When you use last-click attribution, you aren’t accounting for the nudges, prompts, research and conversation that led someone to buy from you. That is, every engagement that happened before they converted – whether it was through paid ads and social posts or browsing sessions and phone calls. By ignoring all that, you’re losing so much valuable insight. 

This is particularly relevant for offline engagement, which can be just as important as anything your customers see or do online. A mere 11% of buyers research and purchase solely on the internet. The rest flip between phone calls, Google, YouTube, in-store visits, TV ads and more. 

As 2019’s UK Search Personality Of The Year winner Arianne Donoghue put it in a recent on-demand webinar on budget optimisation “[Marketers] have been using last-click in the industry for so many years, and I wish we could just kill it with fire. It naturally favours certain channels – ironically, those pushed by analytics and attribution platforms themselves.” As long as the last click is all that counts, you have a skewed view of what’s classed as genuinely useful marketing, and it’s shackled to online stats alone.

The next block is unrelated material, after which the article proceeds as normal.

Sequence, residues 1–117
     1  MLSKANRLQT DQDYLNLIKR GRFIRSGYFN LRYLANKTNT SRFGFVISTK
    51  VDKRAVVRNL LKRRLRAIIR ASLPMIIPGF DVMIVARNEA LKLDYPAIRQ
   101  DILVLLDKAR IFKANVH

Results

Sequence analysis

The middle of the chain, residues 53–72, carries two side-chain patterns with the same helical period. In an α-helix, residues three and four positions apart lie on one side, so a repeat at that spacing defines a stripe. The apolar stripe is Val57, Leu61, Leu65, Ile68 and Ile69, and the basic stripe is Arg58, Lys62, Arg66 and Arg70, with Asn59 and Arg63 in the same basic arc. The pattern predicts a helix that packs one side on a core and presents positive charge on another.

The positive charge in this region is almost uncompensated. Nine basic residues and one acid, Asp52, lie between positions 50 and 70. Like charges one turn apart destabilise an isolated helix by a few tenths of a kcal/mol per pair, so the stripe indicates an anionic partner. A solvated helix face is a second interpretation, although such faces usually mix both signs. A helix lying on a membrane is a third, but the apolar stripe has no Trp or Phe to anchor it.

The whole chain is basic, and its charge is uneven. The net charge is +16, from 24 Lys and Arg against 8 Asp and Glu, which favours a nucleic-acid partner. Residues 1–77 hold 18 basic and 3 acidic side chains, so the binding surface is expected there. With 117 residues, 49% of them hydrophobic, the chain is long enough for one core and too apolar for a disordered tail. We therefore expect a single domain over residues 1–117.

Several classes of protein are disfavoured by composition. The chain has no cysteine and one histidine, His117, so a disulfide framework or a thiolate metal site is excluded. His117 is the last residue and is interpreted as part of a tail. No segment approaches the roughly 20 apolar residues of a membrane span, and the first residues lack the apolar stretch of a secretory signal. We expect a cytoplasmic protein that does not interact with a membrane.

We only have to look to a world-beating brand like Adidas to see the dangers of bad attribution. Last year their Global Media Director, Simon Peel, admitted they ran afoul of the last-click model – the only model they’d been using. “We had an understanding,” he said, “that it was digital advertising – desktop and mobile – that was driving sales. And as a consequence, we were overinvesting in that area.” 

Adidas ended up feeding 77% of their advertising into digital ads for loyal buyers. Four years later, sales were down. They knew they’d slipped up. Now they have what Peel describes as “a long way to go” before they’re back on top form. 

So if last-click attribution is far from ideal, what is? And is it hard to implement?

Specific advice for budget cutters: